"....Solaris has the RAS infrastructure to take advantage of MCA, and that would provide the alternative for an HP-UX environment." So why has Slowaris been losing marketshare so massively then? You do remember all those years of losses and shrinking Sun marketcap. Those happened beacuse customers found out hp-ux offers better RAS, performance, management, partitioning, consolidation and virtualisation features, whilst Linux like RedHat just does it all faster and a lot cheaper than Slowaris. Which is why Sun is dead. Go get some training on new OS, Sunshiner, your Slowaris gravytrain has reached the end of the line.

/SP&L

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Re: Comparing systems

--"Details like core count, amount of memory, disk etc. - who cares*? If system A performs twice as well as system B, it doesn't matter if it has 2x as much disk or half as much. Unless of course disk space is part of your performance criteria."--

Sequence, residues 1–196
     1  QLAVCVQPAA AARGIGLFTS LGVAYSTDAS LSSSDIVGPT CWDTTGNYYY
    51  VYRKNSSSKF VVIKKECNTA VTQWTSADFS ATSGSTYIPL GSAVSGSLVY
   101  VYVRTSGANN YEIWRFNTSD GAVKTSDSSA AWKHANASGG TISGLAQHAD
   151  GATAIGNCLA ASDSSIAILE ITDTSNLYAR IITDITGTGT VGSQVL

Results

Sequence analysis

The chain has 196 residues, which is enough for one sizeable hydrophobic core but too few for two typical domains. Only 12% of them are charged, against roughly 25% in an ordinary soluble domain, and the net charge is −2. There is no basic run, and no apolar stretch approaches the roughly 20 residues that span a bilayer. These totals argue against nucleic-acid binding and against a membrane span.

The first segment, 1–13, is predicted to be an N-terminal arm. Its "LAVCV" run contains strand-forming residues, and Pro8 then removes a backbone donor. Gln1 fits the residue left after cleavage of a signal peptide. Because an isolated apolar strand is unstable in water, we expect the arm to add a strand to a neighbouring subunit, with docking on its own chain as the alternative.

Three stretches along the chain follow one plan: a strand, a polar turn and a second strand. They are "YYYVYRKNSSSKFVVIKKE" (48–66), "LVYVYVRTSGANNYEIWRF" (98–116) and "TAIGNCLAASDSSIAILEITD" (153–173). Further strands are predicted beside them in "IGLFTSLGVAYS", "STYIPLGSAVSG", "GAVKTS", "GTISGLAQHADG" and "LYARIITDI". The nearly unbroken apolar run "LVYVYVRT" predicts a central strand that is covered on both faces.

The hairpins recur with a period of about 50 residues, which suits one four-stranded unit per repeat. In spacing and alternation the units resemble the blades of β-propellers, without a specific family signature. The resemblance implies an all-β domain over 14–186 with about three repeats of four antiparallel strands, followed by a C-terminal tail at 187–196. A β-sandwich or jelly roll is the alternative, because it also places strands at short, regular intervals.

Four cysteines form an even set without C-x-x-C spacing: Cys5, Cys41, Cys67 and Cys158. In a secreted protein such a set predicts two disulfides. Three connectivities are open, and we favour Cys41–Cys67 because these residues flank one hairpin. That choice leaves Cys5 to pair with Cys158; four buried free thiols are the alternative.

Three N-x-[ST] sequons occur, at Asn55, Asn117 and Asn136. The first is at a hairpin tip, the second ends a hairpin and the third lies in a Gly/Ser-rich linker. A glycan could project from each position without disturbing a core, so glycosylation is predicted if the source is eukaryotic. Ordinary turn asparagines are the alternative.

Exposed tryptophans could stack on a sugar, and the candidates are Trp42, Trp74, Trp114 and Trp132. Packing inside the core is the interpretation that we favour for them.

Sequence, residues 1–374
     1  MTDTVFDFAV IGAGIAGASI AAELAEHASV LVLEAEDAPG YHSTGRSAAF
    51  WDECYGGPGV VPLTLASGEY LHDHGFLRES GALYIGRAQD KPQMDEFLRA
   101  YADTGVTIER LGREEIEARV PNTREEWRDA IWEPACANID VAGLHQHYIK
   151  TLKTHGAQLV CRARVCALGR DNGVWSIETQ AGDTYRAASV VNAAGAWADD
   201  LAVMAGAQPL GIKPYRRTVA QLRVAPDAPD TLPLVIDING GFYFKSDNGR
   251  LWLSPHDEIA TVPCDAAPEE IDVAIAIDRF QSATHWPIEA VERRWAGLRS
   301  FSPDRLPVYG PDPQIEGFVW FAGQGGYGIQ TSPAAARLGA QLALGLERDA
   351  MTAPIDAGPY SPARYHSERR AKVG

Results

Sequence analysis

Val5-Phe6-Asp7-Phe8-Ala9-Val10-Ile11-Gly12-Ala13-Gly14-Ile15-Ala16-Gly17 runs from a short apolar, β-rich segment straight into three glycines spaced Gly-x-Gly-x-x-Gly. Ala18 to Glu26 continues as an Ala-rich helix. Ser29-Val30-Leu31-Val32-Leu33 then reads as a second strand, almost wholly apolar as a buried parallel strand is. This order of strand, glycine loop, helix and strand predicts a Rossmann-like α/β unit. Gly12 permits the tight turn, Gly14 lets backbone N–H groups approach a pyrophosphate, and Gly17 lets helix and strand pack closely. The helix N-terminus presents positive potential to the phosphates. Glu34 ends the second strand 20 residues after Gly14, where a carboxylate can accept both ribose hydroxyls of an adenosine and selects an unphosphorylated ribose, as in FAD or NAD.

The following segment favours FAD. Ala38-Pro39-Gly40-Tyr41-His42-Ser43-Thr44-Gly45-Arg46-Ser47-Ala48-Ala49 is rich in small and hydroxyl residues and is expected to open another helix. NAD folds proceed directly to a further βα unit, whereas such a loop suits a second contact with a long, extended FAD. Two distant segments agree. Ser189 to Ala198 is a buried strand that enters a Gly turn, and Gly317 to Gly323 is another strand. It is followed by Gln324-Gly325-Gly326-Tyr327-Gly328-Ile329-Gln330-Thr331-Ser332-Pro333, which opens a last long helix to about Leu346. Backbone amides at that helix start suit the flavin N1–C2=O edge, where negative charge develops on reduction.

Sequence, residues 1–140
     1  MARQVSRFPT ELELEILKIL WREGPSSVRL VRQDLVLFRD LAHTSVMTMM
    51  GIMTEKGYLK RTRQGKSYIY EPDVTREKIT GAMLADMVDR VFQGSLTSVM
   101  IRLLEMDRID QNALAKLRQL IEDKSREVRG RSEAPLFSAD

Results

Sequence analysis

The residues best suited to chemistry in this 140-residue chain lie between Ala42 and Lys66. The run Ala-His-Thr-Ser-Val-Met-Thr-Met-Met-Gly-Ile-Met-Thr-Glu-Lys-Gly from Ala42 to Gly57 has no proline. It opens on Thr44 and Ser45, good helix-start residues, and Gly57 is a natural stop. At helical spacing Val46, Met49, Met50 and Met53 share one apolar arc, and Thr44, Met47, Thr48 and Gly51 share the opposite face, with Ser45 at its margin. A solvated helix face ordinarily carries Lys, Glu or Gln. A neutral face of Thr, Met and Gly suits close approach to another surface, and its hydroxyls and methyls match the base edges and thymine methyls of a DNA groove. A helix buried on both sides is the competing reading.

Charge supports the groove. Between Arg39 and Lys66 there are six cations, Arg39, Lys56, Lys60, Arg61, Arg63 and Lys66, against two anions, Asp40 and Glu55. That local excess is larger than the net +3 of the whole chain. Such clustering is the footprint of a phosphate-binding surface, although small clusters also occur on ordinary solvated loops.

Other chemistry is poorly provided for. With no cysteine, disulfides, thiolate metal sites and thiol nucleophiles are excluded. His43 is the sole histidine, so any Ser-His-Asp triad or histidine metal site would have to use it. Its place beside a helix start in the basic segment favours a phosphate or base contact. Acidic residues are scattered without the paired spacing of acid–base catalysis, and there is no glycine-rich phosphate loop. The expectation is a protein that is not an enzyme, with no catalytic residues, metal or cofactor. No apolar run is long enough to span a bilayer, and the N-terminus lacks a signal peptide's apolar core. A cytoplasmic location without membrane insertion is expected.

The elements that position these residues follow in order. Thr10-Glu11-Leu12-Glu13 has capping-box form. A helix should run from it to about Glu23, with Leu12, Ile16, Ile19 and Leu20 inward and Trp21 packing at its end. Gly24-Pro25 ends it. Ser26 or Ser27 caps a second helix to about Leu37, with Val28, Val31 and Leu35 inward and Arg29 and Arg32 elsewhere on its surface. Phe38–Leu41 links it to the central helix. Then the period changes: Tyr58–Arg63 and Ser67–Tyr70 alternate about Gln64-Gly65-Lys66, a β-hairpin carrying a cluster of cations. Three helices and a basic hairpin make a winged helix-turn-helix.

Those details do matter. It's not about disk space it's about IOPs ( I/O operations per second). A single 10K rpm SCSI disk can do (on average) 125 IOPs and Database performance is very sensitive to that. Performance scales considerably the more IOPs you can throw at it. Take a look at the specs of some of the configurations the vendors put together to achieve high TPM benchmark results. Many of them have thousands of disks. In real life of cause very few people (if any) need to build single systems as big as that, and where there is a need other solutions are available that are better suited to provide a good balance between cpu performance, disk performance and scalability.

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It was not that long ago when...

It was not that long ago when MCA was Micro Channel Architecture...

The reuse of these abbreviations is pretty annoying.